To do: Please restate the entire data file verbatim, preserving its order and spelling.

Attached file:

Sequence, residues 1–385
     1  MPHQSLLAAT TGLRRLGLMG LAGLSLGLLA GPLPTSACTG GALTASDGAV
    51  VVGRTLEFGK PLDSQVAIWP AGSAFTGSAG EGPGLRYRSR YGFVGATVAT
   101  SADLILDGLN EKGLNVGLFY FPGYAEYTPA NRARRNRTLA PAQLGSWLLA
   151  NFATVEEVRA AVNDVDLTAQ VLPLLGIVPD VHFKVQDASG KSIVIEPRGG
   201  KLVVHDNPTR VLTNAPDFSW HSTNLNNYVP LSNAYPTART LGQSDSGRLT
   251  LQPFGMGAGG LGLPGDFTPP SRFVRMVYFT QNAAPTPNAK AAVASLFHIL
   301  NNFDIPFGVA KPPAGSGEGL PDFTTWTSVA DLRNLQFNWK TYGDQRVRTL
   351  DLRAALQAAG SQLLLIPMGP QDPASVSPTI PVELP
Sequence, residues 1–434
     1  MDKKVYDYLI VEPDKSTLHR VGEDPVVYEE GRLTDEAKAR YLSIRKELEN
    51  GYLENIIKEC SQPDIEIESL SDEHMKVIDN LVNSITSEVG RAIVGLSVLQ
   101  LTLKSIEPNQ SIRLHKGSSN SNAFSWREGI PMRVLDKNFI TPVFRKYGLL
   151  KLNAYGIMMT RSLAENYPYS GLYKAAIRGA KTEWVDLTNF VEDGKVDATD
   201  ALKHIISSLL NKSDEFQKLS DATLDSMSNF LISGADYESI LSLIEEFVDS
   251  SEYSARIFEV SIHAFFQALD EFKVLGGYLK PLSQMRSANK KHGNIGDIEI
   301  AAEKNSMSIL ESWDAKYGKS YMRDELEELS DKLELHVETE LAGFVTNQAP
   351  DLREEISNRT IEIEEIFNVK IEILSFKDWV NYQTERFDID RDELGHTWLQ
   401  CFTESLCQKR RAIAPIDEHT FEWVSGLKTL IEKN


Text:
Sequence, residues 1–385
     1  MPHQSLLAAT TGLRRLGLMG LAGLSLGLLA GPLPTSACTG GALTASDGAV
    51  VVGRTLEFGK PLDSQVAIWP AGSAFTGSAG EGPGLRYRSR YGFVGATVAT
   101  SADLILDGLN EKGLNVGLFY FPGYAEYTPA NRARRNRTLA PAQLGSWLLA
   151  NFATVEEVRA AVNDVDLTAQ VLPLLGIVPD VHFKVQDASG KSIVIEPRGG
   201  KLVVHDNPTR VLTNAPDFSW HSTNLNNYVP LSNAYPTART LGQSDSGRLT
   251  LQPFGMGAGG LGLPGDFTPP SRFVRMVYFT QNAAPTPNAK AAVASLFHIL
   301  NNFDIPFGVA KPPAGSGEGL PDFTTWTSVA DLRNLQFNWK TYGDQRVRTL
   351  DLRAALQAAG SQLLLIPMGP QDPASVSPTI PVELP
Sequence, residues 1–434
     1  MDKKVYDYLI VEPDKSTLHR VGEDPVVYEE GRLTDEAKAR YLSIRKELEN
    51  GYLENIIKEC SQPDIEIESL SDEHMKVIDN LVNSITSEVG RAIVGLSVLQ
   101  LTLKSIEPNQ SIRLHKGSSN SNAFSWREGI PMRVLDKNFI TPVFRKYGLL
   151  KLNAYGIMMT RSLAENYPYS GLYKAAIRGA KTEWVDLTNF VEDGKVDATD
   201  ALKHIISSLL NKSDEFQKLS DATLDSMSNF LISGADYESI LSLIEEFVDS
   251  SEYSARIFEV SIHAFFQALD EFKVLGGYLK PLSQMRSANK KHGNIGDIEI
   301  AAEKNSMSIL ESWDAKYGKS YMRDELEELS DKLELHVETE LAGFVTNQAP
   351  DLREEISNRT IEIEEIFNVK IEILSFKDWV NYQTERFDID RDELGHTWLQ
   401  CFTESLCQKR RAIAPIDEHT FEWVSGLKTL IEKN